A (build) target specifies the information that is needed to automatically build a software artifact. Managing the dependencies between the targets of a large code base is challenging. This paper focuses on underutilized targets—an important dependency problem that we identified at Google. An underutilized target is one with files not needed by some of its dependents. Underutilized targets result in less modular code, overly large artifacts, slow builds, and unnecessary build and test triggers. To mitigate these problems, programmers decompose underutilized targets into smaller targets. However, manually decomposing a target is tedious and error-prone. Although we prove that finding the best target decomposition is NP-hard, we introduce a greedy algorithm that proposes a decomposition through iterative unification of the strongly connected components of the target. Our tool found 19,994 decomposable targets in a set of 40,000 Java library targets at Google. A decomposable target is one that can be decomposed to at least two targets. Our tool found that decomposing any of the 5,129 decomposable targets would save at least one build or test trigger. The evaluation results show that our tool is (1) efficient because on average, it analyzes a target in two minutes and (2) effective because for each of 1,010 targets, it would save more than 50% of the total execution time of the tests triggered by the target.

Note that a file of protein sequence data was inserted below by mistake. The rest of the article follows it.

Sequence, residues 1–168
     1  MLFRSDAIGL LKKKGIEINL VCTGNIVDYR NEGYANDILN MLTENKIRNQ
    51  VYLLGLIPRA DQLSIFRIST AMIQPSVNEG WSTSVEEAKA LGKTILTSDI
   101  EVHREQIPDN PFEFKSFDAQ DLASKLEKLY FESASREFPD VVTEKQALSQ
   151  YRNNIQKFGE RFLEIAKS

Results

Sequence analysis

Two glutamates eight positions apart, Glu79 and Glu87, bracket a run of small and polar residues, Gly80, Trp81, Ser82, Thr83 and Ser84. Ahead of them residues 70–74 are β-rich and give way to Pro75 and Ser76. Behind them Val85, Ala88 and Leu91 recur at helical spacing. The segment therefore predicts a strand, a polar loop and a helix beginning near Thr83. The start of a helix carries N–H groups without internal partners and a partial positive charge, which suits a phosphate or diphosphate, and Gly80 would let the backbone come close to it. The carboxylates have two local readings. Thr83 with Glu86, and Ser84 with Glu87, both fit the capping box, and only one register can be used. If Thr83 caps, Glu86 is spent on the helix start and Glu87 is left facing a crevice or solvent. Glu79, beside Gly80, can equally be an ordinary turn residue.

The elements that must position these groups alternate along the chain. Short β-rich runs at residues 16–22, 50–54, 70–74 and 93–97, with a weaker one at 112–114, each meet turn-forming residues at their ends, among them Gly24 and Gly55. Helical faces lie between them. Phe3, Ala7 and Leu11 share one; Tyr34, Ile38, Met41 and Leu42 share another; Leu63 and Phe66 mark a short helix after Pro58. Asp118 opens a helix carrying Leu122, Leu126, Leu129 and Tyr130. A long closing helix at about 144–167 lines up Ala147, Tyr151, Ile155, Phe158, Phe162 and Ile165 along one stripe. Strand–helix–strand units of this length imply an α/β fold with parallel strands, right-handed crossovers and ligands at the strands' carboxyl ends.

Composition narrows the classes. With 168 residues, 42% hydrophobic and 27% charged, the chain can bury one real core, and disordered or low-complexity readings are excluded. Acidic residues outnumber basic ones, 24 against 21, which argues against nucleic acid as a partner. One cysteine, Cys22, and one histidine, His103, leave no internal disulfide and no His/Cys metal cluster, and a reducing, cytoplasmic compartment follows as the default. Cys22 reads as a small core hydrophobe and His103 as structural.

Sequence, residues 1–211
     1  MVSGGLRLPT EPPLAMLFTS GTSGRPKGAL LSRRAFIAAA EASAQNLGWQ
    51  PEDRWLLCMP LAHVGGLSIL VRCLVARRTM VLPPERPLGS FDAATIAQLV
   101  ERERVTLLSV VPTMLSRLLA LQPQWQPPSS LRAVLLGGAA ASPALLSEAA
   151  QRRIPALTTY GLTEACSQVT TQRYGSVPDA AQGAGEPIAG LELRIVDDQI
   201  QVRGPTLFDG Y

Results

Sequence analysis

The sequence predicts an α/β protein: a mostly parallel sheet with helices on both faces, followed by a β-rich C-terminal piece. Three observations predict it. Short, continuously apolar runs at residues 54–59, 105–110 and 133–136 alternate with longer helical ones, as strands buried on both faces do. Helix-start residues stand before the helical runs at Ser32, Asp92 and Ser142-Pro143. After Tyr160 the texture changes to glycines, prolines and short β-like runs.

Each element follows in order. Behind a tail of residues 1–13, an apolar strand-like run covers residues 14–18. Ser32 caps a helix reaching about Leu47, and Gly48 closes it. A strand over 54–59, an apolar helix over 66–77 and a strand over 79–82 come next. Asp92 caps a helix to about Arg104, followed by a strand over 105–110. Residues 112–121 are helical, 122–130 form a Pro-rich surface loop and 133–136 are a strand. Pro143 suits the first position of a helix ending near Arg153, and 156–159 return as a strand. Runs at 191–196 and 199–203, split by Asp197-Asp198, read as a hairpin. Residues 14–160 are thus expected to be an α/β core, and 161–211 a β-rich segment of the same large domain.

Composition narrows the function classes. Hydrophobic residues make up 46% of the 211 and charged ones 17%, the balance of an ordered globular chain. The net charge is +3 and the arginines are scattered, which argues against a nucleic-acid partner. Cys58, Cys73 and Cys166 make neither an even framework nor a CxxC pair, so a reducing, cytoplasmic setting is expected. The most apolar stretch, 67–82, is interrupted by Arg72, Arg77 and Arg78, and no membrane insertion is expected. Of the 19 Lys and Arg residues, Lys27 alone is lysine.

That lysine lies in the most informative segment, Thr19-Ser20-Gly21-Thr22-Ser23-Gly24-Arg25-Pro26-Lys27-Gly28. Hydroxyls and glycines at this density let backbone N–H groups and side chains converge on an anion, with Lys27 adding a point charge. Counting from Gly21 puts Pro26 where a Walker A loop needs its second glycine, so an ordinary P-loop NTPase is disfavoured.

refactoring
continuous integration
build system
regression testing
remodularization
Sat, 01 Mar 2014 00:00:00 GMTThe CodingSpectator Data Set of Eclipse Refactoring Messages
http://hdl.handle.net/2142/47414
The CodingSpectator Data Set of Eclipse Refactoring Messages
Vakilian, Mohsen
Johnson, Ralph E.
This data set contains the results of a quantitative analysis on the refactoring messages that CodingSpectator captured during our field study. CodingSpectator collects data about the usage of the Eclipse Integrated Development Environment. A refactoring message is an error message that the Eclipse refactoring tool reports to programmers. The results include the distributions of the messages and the programmers' reactions to the messages.
refactoring
data set
eclipse
integrated development environment
Fri, 28 Feb 2014 00:00:00 GMTVariants of Variants and the Finite Variant Property
http://hdl.handle.net/2142/47117